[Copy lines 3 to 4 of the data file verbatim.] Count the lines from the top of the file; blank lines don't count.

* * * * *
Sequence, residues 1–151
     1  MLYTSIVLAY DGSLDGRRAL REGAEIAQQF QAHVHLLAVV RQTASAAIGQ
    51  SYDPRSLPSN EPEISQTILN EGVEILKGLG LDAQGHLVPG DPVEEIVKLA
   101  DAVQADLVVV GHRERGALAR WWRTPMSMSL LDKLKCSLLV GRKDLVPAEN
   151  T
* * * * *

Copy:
    51  SYDPRSLPSN EPEISQTILN EGVEILKGLG LDAQGHLVPG DPVEEIVKLA
   101  DAVQADLVVV GHRERGALAR WWRTPMSMSL LDKLKCSLLV GRKDLVPAEN